Facts about FaceReader and automated facial expression analysis
Facial expressions are widely associated with emotions. Emotions are mental states induced by neurophysiological changes. These mental states are often seen as indicator for how a person feels or thinks.
Understanding emotions is immensely helpful for researchers and companies, as they can provide insights into behavior and user responses. Think of usability and user experience research, where products, services, or websites are being tested to discover if the intended use actually works out in practice. Or developmental psychology and parent-child interaction, for instance to study the role of mimicry in early development of social communication.
Reliable analysis with the Facial Action Coding System (FACS)
Many researchers code muscle movements to learn more about how and why the facial muscles move. They use the Facial Action Coding System (FACS) which provides them with a technique for the reliable coding and analysis of facial movements and expressions.
FACS coders describe every observable change in facial movement on the basis of Action Units (AUs). They indicate which AUs moved to produce the changes observed in the face. While this way of analyzing facial expressions is quite unbiased, it is also very time-consuming.
Automated facial expression analysis with FaceReader
Measuring facial expressions with the use of an automated tool like FaceReader can help to provide a quick and objective assessment of emotions. FaceReader is a renowned software tool for automated facial expression analysis, broadly used in scientific research.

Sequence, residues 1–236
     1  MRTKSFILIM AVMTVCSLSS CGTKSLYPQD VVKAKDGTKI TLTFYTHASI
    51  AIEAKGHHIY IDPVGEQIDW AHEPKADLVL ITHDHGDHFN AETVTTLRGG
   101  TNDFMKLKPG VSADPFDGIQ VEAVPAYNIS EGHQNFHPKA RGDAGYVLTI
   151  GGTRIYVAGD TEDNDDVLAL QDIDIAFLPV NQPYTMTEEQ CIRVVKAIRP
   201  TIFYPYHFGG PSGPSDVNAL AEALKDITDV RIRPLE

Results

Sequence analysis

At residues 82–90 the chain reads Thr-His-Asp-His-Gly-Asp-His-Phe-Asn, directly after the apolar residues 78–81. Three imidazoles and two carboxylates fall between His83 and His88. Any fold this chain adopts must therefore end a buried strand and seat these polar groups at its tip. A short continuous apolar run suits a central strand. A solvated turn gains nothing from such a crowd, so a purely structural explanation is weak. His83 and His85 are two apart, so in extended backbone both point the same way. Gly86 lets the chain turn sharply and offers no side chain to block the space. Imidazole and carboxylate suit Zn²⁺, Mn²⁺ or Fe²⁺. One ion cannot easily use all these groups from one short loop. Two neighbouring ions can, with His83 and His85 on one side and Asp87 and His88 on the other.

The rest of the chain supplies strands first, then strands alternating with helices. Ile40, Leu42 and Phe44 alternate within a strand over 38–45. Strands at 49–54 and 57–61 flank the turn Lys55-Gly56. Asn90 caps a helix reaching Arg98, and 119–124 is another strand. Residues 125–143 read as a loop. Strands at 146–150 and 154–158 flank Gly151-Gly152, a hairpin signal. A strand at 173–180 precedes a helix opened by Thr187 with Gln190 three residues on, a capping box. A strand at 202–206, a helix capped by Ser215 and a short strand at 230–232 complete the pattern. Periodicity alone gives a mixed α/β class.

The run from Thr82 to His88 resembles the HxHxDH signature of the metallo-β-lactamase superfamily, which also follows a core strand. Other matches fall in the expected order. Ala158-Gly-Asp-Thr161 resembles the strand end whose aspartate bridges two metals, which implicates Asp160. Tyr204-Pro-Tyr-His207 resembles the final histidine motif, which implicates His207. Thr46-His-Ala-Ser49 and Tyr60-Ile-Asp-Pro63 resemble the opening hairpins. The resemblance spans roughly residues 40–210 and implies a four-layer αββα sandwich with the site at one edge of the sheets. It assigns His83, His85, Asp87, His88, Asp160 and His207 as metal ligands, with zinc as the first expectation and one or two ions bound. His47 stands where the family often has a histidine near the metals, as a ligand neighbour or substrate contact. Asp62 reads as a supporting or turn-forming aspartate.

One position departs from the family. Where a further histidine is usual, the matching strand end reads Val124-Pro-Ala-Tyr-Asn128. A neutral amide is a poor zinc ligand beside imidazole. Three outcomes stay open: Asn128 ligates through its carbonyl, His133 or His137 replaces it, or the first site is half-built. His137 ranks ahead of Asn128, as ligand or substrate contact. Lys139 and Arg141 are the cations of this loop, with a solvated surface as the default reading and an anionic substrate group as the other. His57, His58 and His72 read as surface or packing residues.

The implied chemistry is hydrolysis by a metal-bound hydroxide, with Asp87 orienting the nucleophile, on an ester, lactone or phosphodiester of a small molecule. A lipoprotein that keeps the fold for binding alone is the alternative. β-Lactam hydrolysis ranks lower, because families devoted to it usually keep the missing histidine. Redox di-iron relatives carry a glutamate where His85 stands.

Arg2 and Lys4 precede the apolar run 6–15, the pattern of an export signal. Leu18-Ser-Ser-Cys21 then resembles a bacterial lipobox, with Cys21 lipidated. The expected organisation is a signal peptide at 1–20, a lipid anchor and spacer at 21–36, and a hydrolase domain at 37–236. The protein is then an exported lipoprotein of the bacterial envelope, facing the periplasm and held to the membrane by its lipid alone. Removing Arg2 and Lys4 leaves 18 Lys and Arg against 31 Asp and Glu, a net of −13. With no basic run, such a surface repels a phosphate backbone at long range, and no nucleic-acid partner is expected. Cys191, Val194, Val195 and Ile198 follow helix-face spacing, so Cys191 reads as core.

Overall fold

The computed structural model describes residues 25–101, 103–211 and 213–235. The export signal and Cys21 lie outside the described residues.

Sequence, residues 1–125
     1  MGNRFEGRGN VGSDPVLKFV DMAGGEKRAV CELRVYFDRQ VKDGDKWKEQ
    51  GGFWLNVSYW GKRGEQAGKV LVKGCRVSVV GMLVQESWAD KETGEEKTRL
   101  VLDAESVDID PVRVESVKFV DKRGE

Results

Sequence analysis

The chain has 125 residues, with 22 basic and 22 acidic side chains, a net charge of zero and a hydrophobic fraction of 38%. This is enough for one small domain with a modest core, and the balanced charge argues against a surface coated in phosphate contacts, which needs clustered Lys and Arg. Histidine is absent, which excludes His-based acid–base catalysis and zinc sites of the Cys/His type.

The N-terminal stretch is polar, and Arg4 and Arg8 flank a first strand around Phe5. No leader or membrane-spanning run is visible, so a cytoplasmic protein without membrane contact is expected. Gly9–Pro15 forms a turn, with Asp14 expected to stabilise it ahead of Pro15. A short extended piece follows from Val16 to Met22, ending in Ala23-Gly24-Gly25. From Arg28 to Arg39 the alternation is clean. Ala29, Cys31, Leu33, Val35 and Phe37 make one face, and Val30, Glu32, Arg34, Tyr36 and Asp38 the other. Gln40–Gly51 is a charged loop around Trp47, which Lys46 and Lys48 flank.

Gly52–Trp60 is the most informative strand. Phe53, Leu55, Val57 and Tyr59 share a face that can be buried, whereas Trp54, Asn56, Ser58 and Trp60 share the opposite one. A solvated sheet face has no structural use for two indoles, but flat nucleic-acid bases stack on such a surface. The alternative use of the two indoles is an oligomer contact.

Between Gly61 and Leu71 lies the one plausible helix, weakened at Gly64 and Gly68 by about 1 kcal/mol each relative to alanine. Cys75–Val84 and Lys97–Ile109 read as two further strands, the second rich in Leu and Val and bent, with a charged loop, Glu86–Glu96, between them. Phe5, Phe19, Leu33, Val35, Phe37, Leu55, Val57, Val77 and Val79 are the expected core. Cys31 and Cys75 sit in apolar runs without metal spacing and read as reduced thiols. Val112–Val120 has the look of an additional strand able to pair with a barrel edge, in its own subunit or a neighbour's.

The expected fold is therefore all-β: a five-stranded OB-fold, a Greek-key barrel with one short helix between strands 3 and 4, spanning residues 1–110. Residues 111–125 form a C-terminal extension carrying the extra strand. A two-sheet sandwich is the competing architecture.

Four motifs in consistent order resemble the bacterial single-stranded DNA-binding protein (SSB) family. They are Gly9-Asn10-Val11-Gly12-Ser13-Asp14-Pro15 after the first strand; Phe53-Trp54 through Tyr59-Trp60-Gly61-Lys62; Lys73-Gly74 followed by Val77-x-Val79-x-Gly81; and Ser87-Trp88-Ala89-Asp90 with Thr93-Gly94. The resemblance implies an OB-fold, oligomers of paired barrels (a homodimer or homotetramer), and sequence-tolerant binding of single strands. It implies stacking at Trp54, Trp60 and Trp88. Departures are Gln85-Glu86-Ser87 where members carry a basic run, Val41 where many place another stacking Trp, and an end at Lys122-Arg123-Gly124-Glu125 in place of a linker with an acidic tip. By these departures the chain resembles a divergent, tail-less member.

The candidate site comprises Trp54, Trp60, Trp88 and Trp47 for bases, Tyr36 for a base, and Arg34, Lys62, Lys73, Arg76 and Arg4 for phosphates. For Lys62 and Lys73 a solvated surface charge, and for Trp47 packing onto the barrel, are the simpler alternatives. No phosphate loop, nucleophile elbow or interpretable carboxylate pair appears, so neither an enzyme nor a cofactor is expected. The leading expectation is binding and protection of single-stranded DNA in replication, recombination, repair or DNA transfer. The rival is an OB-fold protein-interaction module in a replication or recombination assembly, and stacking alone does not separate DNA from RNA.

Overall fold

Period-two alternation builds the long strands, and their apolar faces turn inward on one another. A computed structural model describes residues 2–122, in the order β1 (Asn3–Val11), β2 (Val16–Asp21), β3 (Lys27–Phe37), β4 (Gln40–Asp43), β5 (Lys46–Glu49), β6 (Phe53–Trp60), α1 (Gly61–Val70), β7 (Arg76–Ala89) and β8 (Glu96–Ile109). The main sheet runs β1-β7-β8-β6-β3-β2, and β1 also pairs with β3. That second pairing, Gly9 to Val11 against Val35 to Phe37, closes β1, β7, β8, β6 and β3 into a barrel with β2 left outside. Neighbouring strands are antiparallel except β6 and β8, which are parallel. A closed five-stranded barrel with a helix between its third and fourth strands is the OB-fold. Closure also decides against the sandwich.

Over the years, there have been many statements and ‘facts’ about using automated facial expression analysis to assess emotions. Let’s take a look at some of those facts, and what is actually possible and impossible to do with FaceReader, through a game of true and false.
False: Facial expression analysis and facial recognition are the same
Facial expression analysis and facial recognition are often confused and sometimes even interchanged. They are, however, not the same thing. Let’s look into the difference between facial expression analysis and facial recognition.
Facial recognition is a way of identifying or confirming an individual's identity using their face (source). Facial recognition software or systems work by mapping, analyzing, and identifying faces live or from photos or videos, and then confirming the identity of those faces by cross-referencing the images to other databases with personal photos.
FaceReader does not do this.
Automated facial expression analysis is a computer-based technology that can detect and classify expressions that are described by Paul Ekman as the basic or universal emotions. Obviously, facial expressions vary in intensity and are often a mixture of emotions. In addition, there is quite a lot of inter-personal variation.